Don’t Let FDA Kill Vaping

Published May 11, 2016

Legislators have long attempted to reduce the negative health impacts of smoking through taxes, bans, and regulations. Some have tried to extend these same policies to electronic cigarettes or “e-cigarettes,” even though they contain no tobacco and are substantially less harmful than traditional cigarettes. This week, the Food and Drug Administration (FDA) unveiled new regulations placing electronic cigarettes under an avalanche of new rules requiring that they be approved as a new type of tobacco product — effectively treating them like traditional cigarettes. 

E-cigarettes have quickly become a popular tobacco-replacement product, with the total market expected to hit $50 billion by 2030. Evidence suggests that they are effective at helping smokers reduce their cigarette use or even quit altogether, which is why many experts — including, most recently, the Royal College of Physicians — argue that e-cigarette use will result in significant public health benefits, to say nothing of the economic advantages.

FDA’s deeming regulations extend the agency’s regulatory authority to include cigars and other tobacco-like products, in addition to e-cigarettes. The main issue posed by these regulations is the process these products will have to go through to receive FDA approval. Any new tobacco product that does not meet the standard of “substantial equivalence” to another product currently on the market is required to go through a lengthy and expensive process known as “premarket tobacco application” (PMTA).

The PMTA process is so arduous that only one product in the past six years has successfully made it over this large regulatory hurdle, according to the Tax Foundation. This is especially concerning for new vaping products such as e-cigarettes because few will be able to qualify as “substantially equivalent” to an existing tobacco product, meaning they will likely need to go through the PMTA process. PMTA is estimated to cost businesses $3 million to $20 million per application.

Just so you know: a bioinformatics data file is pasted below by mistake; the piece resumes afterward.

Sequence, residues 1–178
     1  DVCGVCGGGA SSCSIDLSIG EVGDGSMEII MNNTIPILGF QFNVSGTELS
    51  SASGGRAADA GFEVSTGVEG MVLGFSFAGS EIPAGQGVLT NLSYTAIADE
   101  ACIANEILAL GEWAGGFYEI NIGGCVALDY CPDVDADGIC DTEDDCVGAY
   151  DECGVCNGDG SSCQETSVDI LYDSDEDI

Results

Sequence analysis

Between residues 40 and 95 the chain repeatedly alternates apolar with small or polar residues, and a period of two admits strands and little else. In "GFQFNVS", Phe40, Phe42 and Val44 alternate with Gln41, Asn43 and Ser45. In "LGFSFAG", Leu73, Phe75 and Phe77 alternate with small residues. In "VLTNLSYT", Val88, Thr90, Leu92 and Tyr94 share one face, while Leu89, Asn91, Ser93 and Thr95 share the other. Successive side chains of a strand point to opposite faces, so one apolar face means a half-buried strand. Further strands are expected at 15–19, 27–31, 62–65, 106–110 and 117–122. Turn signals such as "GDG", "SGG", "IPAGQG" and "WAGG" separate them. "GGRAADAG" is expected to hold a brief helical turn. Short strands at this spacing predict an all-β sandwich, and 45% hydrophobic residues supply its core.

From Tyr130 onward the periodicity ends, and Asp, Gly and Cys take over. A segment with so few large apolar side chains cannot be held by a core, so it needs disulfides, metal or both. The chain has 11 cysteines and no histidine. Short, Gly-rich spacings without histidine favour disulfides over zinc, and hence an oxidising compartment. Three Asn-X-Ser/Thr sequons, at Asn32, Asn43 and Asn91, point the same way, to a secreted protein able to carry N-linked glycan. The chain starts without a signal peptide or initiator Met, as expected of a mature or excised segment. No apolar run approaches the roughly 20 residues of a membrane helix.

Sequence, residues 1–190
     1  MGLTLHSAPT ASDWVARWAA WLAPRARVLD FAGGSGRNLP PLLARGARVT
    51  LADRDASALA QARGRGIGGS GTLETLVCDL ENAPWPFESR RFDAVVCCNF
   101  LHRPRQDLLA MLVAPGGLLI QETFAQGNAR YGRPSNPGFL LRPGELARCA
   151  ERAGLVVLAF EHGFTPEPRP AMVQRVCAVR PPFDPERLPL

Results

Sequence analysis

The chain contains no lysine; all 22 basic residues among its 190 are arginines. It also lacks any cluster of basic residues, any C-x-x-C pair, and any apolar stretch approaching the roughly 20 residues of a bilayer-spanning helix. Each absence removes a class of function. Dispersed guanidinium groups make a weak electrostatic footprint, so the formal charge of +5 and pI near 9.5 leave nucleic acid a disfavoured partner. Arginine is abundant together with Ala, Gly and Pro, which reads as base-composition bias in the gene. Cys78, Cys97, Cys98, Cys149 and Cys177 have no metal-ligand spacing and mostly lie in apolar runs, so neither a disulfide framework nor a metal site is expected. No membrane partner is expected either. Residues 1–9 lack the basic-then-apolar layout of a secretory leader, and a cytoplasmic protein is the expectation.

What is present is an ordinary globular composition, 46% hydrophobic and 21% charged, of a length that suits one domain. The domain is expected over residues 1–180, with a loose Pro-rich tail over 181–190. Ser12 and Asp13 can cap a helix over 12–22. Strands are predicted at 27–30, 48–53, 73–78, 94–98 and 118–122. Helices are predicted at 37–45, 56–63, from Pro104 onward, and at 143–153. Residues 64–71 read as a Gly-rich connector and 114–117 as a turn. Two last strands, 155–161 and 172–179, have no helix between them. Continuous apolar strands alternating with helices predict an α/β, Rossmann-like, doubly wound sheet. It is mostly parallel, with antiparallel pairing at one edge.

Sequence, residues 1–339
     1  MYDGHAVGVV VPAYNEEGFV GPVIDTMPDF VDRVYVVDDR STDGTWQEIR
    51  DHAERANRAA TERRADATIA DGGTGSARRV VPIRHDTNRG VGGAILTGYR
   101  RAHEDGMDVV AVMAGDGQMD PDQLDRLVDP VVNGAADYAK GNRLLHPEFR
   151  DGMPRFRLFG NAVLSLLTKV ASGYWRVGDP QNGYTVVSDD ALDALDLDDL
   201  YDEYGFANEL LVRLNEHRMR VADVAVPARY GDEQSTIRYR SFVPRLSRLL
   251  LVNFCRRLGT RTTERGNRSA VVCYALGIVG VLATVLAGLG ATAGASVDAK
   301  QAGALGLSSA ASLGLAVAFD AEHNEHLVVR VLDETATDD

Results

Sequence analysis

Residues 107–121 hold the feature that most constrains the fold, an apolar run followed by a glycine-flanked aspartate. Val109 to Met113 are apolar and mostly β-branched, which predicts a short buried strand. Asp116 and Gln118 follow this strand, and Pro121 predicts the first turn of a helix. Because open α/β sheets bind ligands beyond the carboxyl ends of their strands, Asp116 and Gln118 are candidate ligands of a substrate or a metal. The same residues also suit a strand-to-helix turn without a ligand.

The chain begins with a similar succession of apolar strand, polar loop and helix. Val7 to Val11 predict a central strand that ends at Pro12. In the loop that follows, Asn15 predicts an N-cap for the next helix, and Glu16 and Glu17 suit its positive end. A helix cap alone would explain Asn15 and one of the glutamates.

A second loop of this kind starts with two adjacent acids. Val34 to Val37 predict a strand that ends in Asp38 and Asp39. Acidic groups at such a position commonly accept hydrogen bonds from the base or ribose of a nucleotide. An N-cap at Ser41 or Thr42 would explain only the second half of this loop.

Linked to the approval issue is the problem of the predicate date, which is the grandfather date used by FDA as the starting point for tobacco products to receive enhanced review and regulation. The date used previously, February 15, 2007, was chosen for regulated products because it is the date the Tobacco Control Act was introduced. In effect, using this date for all tobacco and tobacco-like products will place nearly all vaping products, including e-cigarettes, under PMTA review. This could constrict or even eliminate the current market. 

Protecting the vaping market from overregulation is important. According to many in the public health community, e-cigarettes are far safer than combustible cigarettes, and several studies show that they remain one of the most successful methods used by smokers to stop their consumption of tobacco. For instance, the American Association of Public Health Physicians concluded that e-cigarettes “could save the lives of 4 million of the 8 million current adult American smokers who will otherwise die of a tobacco-related illness over the next 20 years.”

Many opponents of e-cigarette use say they act as a “gateway” product to cigarettes, especially for younger users. But the evidence suggests otherwise. According to Health Day, in 2013 researchers at the University of Oklahoma Health Sciences Center studied 1,300 college students with an average age of 19. Only 43 of the students told researchers their first nicotine product was an e-cigarette, and only one of those 43 later switched to traditional cigarettes. In a follow-up survey, most of the students were not using nicotine or tobacco at all.

Without changing the predicate date, most of these innovative products will never make their way to the marketplace, limiting the options of those who are looking for a less-harmful alternative to smoking. E-cigarettes and other vaping devices have far fewer negative consequences than traditional tobacco products for both users and bystanders, and many smokers use e-cigarettes to stop smoking, thereby reducing the likelihood of suffering from serious tobacco-related illnesses such as lung cancer. Vaping is not the same as smoking tobacco products; they should not be treated in the same way.

[Originally published at Real Clear Policy]